Trapped in an opulent era, Hoi An is spilling with romantic views: yellowed walls, colourful lanterns, winding canals. You can almost forget about the country’s devastating past and imagine you’ve stepped into a fairy tale.
By the same token, conscious travellers will hopefully want to learn about Vietnam’s history, and there are countless opportunities to do that in Hoi An. Passing through villages and meeting farmers; visiting historical sites and interacting with locals, or something as simple as sparking up a conversation with a vendor in a market can elicit a surfeit of impressions about what went down not-too-long-ago and the impact it’s had.
Walking through the ancient town feels like walking through a museum. The architecture alone offers an insightful glimpse into the past, revealing a melting pot of nationalities that have shaped Hoi An. You’ll see Chinese assembly halls and wooden houses; Japanese-style temples and pagodas as well as the Japanese Covered Bridge; and European-style buildings like French colonial houses with those shuttered windows and balconies that are reminiscent of old films I love.
A revolving door of tourists and expats hasn’t completely diluted the culture. During my time here, I’ve dined on local specialities in Vietnamese homes. Accidentally attended a wedding near the Night Market (I thought it was a pop-up rave). Watched a funeral ceremony from my balcony and awoken to monks chanting in honour of the dead. Witnessed locals burn huge wads of money (fake) each month as an offering to their ancestors. (Unintentionally) peeked into the homes of families in my neighbourhood to catch a glimpse of them eating a traditional dinner together on a mat. Attended outdoor night picnics beside the Thu Bon River with kind Vietnamese strangers who taught me how to wrap pancakes. These are just some of the delicious experiences I’ve been spoon-fed on a daily basis – and devoured every bite.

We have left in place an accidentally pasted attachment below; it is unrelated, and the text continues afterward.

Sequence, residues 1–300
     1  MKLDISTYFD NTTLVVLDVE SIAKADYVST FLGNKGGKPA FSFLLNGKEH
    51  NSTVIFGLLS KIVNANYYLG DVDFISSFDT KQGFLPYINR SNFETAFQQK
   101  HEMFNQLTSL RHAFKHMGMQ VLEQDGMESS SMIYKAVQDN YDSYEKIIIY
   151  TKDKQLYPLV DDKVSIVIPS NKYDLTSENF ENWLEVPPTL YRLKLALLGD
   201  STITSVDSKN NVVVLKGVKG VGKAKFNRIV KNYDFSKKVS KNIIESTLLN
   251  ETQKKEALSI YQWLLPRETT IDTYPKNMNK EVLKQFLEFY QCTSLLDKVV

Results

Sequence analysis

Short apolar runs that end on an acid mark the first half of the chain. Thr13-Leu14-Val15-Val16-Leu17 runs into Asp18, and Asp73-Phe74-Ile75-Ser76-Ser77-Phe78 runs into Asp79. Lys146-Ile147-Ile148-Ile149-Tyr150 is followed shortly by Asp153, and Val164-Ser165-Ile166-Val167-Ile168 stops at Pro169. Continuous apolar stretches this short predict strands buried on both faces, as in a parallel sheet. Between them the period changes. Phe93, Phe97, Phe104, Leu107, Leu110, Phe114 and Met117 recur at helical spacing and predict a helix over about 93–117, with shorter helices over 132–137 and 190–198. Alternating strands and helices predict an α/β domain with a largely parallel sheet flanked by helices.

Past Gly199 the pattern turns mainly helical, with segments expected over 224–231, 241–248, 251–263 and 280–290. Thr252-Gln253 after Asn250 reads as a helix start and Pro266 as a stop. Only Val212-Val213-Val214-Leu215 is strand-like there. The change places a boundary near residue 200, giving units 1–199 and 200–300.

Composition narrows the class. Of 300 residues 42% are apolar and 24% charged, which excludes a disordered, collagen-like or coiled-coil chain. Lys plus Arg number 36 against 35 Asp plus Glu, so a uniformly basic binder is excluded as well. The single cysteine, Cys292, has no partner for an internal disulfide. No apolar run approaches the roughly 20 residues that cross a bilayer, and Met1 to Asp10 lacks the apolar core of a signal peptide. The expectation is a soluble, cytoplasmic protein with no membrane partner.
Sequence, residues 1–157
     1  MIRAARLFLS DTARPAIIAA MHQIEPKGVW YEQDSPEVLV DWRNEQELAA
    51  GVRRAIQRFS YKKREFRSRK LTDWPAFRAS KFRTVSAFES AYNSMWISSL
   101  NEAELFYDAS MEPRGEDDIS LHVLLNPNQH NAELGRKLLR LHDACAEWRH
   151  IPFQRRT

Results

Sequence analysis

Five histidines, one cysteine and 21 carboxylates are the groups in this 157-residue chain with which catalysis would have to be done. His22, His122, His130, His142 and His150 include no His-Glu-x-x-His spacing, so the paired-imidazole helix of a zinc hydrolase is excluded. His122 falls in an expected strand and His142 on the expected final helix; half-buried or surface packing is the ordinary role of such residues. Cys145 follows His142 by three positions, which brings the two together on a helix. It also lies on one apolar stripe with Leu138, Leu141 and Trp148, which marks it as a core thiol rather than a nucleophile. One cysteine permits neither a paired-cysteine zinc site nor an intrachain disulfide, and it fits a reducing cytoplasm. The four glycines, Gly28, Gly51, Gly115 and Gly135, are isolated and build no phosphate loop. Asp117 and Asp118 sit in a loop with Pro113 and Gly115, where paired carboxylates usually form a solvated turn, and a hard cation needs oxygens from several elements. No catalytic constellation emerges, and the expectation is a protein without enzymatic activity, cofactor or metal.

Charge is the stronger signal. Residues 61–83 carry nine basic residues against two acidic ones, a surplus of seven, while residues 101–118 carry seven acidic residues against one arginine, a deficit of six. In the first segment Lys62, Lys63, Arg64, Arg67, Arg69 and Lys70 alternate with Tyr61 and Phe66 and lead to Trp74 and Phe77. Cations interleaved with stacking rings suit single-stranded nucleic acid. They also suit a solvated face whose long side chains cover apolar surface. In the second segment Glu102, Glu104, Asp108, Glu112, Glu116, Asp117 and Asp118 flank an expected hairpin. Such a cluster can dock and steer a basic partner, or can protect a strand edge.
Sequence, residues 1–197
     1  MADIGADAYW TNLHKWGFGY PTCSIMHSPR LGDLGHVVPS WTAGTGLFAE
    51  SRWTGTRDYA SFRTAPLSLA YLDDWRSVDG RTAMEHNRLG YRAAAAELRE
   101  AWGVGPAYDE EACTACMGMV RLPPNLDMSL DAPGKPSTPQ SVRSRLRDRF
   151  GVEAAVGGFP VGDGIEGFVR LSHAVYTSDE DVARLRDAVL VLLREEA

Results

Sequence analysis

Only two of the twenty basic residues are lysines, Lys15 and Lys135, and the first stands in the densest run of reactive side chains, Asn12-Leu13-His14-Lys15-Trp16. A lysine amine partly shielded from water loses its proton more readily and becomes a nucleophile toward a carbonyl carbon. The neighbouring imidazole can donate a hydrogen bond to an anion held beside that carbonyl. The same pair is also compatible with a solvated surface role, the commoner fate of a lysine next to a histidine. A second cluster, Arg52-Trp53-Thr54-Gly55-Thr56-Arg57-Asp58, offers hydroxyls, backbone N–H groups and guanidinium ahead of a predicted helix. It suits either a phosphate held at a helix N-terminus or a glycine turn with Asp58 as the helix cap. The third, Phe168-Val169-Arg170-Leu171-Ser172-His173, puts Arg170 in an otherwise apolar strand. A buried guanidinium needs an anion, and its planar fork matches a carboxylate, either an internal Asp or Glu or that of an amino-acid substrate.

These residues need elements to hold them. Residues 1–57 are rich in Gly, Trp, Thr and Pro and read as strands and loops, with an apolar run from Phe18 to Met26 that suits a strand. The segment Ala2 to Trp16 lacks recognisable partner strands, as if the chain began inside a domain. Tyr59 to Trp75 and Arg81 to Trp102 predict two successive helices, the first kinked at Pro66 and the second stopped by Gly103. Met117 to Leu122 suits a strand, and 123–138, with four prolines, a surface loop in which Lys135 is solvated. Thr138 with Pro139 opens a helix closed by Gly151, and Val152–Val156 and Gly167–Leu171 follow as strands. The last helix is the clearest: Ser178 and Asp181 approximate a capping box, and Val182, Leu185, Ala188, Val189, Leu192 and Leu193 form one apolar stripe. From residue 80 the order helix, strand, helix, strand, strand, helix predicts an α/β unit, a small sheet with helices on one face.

More than just the superficial
No amount of breath-taking sights or adventures can win my affection for a place if I don’t feel connected to the people that I cross paths with there. A nomadic life tends to be more compatible with ephemeral relationships, the kind that play out on Facebook for a while before dissipating into mere memories. In Hoi An I was united with my tribe once again. People who share my vision of the world, who understand my language. The nomadic quest for something new yet familiar. The excitement and discomfort of taking a leap of faith in the dark in hope of a deeper sense of fulfillment.